|07TRIPOLI1063||2007-12-27 15:50:00||SECRET//NOFORN||Embassy Tripoli|
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S E C R E T SECTION 01 OF 02 TRIPOLI 001063
1. (S/NF) Summary: Libya's newly-constituted National Security
Council continues to experience growing pains. A shortage of
skilled staff, questions about its mandate, and friction between
National Security Adviser Mutassim al-Qadhafi and some senior
GOL officials have limited the NSC's organizational
effectiveness, although al-Qadhafi remains "ambitious" and
continues to work to expand his area of influence. End summary.
2. (S/NF) Dr. Hind Siala, Director of Libya's National Security
Council (strictly protect), told P/E Chief that the NSC, formed
earlier this year (reftel), was experiencing growing pains.
Noting that the NSC's staff had grown in size, she cited a
continuing shortage of skilled, trained individuals as an
impediment to greater organizational effectiveness. The NSC had
to date pulled most of its staff from other GOL entities,
including the External Security Organization, Internal Security
Organization, General People's Committee for Foreign Cooperation
and International Liaison (MFA) and Ministry of Justice. Siala
noted that training and skill sets among staff drawn from other
organizations varied considerably.
3. (S/NF) Other organizations were initially more willing to
provide staff, she said, in part because they feared
repercussions if they refused requests from a son of Leader
Muammar al-Qadhafi; however, the NSC's policy of aggressively
identifying and attempting to lure quality staff had begun to
engender resentment and a sense that the NSC was pursuing its
staffing needs at the expense of other GOL agencies. Siala
mentioned that the MFA had successfully resisted an attempt in
late November by the NSC to request that a well-regarded MFA
employee be detailed to the NSC (NFI).
NATIONAL SECURITY TRAINING ACADEMY IN THE WORKS?
4. (S/NF) Noting a lack of basic professional skills, Siala
specifically mentioned a shortage of employees who could take
notes in meetings and draft memoranda of conversations.
Describing National Security Adviser Mutassim al-Qadhafi as a
"dynamic" individual given to holding many meetings, she
complained that the dearth of qualified working-level employees
meant that more senior staff members such as herself were often
pressed into service as notetakers. She indicated that
al-Qadhafi, responding to suggestions from his advisers, is
moving to establish a National Security Training Academy that
would train staff for the NSC and other GOL entities with
national security and foreign policy equities. Pointing to the
poor quality of Libya's educational system, she conceded that
the NSC and other GOL entities were "suffering" from the fact
that comparatively few Libyans were able to engage in critical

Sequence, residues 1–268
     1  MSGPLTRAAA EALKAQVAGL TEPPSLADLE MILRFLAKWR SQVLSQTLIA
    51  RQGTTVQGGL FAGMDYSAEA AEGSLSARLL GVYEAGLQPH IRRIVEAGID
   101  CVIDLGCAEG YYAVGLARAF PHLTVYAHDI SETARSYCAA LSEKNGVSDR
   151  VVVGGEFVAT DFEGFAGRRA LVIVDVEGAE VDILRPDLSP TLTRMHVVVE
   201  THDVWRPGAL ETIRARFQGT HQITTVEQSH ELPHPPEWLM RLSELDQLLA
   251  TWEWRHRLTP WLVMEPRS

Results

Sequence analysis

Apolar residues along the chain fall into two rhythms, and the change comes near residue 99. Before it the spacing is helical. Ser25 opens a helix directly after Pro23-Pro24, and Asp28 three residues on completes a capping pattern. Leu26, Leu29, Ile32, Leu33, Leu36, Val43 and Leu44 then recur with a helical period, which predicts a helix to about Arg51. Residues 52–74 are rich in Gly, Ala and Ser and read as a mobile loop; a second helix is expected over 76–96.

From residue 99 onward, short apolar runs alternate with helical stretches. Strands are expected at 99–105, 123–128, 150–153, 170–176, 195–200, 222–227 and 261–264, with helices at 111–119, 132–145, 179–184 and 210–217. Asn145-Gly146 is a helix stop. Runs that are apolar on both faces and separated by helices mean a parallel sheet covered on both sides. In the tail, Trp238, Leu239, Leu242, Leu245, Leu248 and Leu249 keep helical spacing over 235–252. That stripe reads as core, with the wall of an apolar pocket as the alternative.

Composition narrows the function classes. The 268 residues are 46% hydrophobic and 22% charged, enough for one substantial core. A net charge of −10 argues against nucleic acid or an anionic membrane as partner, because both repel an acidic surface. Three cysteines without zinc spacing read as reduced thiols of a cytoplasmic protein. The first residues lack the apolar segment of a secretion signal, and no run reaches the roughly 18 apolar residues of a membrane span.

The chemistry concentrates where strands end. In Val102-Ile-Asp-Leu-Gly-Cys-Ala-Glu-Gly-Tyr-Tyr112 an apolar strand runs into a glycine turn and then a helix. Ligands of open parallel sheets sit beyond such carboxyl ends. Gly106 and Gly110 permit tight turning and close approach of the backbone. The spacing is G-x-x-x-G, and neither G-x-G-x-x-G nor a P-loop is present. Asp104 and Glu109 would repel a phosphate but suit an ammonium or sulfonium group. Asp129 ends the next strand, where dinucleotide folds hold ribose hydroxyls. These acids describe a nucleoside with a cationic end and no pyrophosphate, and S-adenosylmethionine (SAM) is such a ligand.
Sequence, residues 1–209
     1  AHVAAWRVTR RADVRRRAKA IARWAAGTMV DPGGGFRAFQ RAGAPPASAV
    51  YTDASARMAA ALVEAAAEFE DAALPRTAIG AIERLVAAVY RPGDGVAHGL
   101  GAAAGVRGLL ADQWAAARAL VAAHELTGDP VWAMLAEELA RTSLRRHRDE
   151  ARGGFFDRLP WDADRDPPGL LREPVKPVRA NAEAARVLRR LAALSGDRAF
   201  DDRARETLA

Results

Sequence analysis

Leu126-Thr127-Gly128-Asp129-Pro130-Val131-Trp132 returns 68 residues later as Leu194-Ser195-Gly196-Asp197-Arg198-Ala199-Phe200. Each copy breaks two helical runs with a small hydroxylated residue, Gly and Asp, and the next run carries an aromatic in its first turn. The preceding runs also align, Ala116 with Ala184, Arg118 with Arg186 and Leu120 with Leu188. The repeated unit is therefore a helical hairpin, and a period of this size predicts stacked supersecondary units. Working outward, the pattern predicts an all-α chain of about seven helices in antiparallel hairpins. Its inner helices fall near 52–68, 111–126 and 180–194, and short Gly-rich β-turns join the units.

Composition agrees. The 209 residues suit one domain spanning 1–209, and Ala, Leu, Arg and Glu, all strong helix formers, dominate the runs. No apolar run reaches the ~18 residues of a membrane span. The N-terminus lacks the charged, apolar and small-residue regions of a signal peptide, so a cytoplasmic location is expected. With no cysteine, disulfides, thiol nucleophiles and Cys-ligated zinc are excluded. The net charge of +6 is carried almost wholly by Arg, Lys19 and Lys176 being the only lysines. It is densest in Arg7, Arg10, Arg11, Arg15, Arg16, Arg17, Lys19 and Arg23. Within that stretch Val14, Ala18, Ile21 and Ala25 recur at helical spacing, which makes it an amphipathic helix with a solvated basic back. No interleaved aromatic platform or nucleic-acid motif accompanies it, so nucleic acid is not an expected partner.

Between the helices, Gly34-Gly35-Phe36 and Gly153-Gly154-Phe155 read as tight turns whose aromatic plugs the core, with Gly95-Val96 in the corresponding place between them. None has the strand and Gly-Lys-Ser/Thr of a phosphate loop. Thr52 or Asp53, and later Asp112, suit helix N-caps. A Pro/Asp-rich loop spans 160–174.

thinking and writing of a sort that lent itself to more
sophisticated exercises such as drafting analytical reports.
(Note: We understand that the UK Embassy in Tripoli has
discussed with her possible training opportunities in the UK for
NSC terrorism analysts. End note.)
MUTASSIM'S AMBITION CREATES FRICTION WITH SOME
5. (S/NF) Siala noted that the NSC as an organization is still
trying to define its role within the GOL. It remains "a bit
unclear" whether the NSC is to serve as an interagency
coordinating mechanism, or as a formulator and implementer of
policy in its own right. Responding to a question about whether
her principal's personality might have something to do with
that, she conceded that Mutassim al-Qadhafi is "ambitious" and
said he is still working to "create a space" in which to work
cooperatively with other senior GOL officials. She implied that
doubts among some senior members of the GOL's old guard about
TRIPOLI 00001063 002 OF 002
whether Mutassim was substantively qualified for his position,
together with his increasingly obvious desire to grow his
fiefdom, had created friction with unnamed others in the
leadership. Indicating that the MFA and "some security
organizations" had been particularly resistant to the NSC's
attempts to expand its brief, she said the Ministry of Public
Security (MinInterior-equivalent) and armed forces had been less
6. (S/NF) According to Siala, the NSC's membership is as
follows: PM al-Baghdadi al-Mahmoudi (chairman); National
Security Adviser Mutassim al-Qadhafi; Foreign Minister
Abdulrahman Shalgham; Minister of Public Security
(MinInterior-equivalent) Rajib Saleh; Minister of Economy and
Trade Essawi; Minister of Finance Muhammad Ali al-Hweij; and
Chief of Defense Major General Abubakr Yunis Jafr. It is
believed that Jafr encumbers the seat reserved for a
"representative of the Temporary General People's Committee" per
Law Number Four of 2007, which established the NSC.
7. (S/NF) Comment: Siala's suggestion that Mutassim's ambitions
have caused friction with others in the leadership accords with
the view of some local observers that Mutassim is an
increasingly important player in the political firmament.
Determining how he is perceived as a potential successor to his
father, particularly by key members of his father's cohort of
contemporaries, remains something of an open question, however.
There are reports that putative heir apparent Saif al-Islam
al-Qadhafi is out of favor with some segments of the leadership,
due to his public participation in the messy denouement of the
Bulgarian nurses' case, and his championing of economic reforms.
8. (U) Biographical note: Siala, who was trained as a pharmacist
and previously served as Libya's ambassador to Valletta, serves
as a combination of chief-of-staff and senior special assistant
to Mutassim al-Qadhafi. She is married to a Libyan businessman
who, somewhat unusually, is several years her junior. She is
the niece of Deputy Foreign Minister Muhammad Siala.